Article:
|photo credit Elmhurst Press, publ 8 June 1965|
l-r Peggy, Alice, Mike, Donald, Betty, Paul, and Mary
January 1, 1960, the beginning of a new year and a new stage in the life of Betty Connery Hansen. The funeral with its attendant decisions was over, but the grief and shock had not yet lessened. Betty was now a widow with nine dependent children to care for. The youngest two were not even in school yet. However would she manage to provide for her family?
It was a time of “stay at home” moms and Betty hadn’t worked outside her home in over twenty years. She didn’t even drive! As Betty reviewed her options, she found much to be grateful for. About two years earlier she and Donald had looked at buying a larger house in a more residential area of Elmhurst. It was a serious consideration that they eventually decided against. Now Betty was very glad for that decision since their current house was ideally located for her children to attend their activities without the need to be driven. Another decision that they had made was to cash in the small life insurance policies they had purchased for the older children and use the proceeds to increase Donald’s insurance. What a wise choice that proved to be.
Family came to the rescue both emotionally and financially. Fortunately, the Connerys believed in helping when it was needed and not waiting until a will was read. Betty’s sister Kathleen whisked daughters Mary and Peggy (then in second and first grade respectively) off to Florida with her for the rest of the school year. While in Florida, the girls attended Rosarian Academy, a boarding school in West Palm Beach. Donna returned to Mount St Mary Academy for her final semester of high school. Tom, Paul, Suzy and Mike returned to school in Elmhurst and Betty was left to figure out the rest of her life.
Dealing with financial matters after Donald’s death, Betty was informed that Social Security would give her the maximum allowance for her family but that was the same amount that she would receive if she only had three children. In other words, every time one of the children turned 18, she needed to report it to Social Security but her monthly amount would not change until Peggy (#7) turned 18.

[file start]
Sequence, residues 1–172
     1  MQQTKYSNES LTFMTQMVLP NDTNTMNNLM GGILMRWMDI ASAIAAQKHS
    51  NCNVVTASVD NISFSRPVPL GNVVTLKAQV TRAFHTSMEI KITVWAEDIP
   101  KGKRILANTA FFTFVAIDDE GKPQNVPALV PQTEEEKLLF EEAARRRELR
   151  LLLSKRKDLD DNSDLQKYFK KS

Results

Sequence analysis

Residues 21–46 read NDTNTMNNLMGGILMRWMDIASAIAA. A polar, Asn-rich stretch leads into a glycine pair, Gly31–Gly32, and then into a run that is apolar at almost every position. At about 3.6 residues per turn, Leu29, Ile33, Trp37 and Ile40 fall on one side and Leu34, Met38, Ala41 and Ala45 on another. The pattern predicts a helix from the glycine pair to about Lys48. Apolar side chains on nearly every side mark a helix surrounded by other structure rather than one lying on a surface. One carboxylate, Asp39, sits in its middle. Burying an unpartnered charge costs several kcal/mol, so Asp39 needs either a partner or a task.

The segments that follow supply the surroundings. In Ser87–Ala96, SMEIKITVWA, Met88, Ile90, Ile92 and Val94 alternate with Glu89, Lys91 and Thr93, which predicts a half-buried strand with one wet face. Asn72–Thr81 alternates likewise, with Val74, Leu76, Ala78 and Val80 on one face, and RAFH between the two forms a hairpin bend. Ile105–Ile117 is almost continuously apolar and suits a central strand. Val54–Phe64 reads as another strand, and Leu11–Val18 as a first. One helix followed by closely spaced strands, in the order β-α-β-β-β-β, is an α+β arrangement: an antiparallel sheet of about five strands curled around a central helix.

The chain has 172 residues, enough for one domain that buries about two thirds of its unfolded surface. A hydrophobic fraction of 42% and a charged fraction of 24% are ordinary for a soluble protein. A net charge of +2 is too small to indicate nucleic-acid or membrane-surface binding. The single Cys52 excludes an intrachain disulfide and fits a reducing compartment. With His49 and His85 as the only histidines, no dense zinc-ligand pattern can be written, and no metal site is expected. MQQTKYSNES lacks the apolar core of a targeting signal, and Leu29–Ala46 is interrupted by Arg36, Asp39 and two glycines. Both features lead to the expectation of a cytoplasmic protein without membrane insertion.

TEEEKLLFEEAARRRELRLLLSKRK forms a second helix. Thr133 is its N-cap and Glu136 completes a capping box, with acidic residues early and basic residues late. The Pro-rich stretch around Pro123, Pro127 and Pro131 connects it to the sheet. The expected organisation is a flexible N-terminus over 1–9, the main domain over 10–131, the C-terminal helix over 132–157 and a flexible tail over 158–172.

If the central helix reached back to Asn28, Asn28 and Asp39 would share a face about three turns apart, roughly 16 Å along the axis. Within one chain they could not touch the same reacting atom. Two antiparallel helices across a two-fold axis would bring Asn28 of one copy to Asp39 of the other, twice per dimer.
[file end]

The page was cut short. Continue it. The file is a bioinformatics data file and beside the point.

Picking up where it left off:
Adding to Betty’s pain that year, her mother-in-law Henrietta (Bockie) died in April, just four months after her son. Bockie had often come to stay and help with the children and some of the cooking.
As Betty started making plans for her future, she looked at her strengths and decided that being a mother to so many children would help her to be a good teacher. Since she had attended Mundelein College for a year, she could complete the education requirements for a teacher’s degree in less time. As a teacher, she would not need childcare because her school days would match up with those of her children. And so, it was decided.
In the fall of 1960 Betty enrolled in Elmhurst College and began her degree work. Evening classes were her route since Alice had just started Kindergarten and Donald was not yet in school. She also took home study classes through Loyola University in Chicago. This would lengthen the time that it took to get her degree, but it would not affect her determination to complete her plan.
In June of 1965, Betty graduated from Elmhurst College, having already secured a teaching position at Stella May Schwartz School where she had done her student teaching.
Betty loved teaching and truly enjoyed both her students and fellow teachers. She stayed at Stella May Schwartz for several years until her health forced her to move to a warmer climate. Florida was chosen because her sister Kathleen and brothers Tom and Jack had all relocated to Fort Lauderdale in their retirement.
In 1971, Betty and the children still living at home, Peggy, Alice, and Donald moved to Pompano Beach, Florida. The move was a major change for all of them as they left a five bedroom, two story house for a three bedroom condo on the second floor and also adjusted to a new climate.
Betty took a teaching position at a school in Pompano Beach and also taught religious education classes during the school year. Over the next several years Betty’s health continued to decline until she was forced to give up the condo and move to her daughter Peggy’s home.
Betty died on 24 October 1977 at the age of sixty having lived a full life of loving her family, her students and friends and above all God in whom she put her complete trust.
Betty’s legacy includes her nine children, 21 grandchildren and 26 great-grandchildren with one on the way and still counting. She taught all of us to be kind, loving, to act with honesty and integrity and to respect others. It is up to each of us to honor her memory by passing on her values to the younger generation.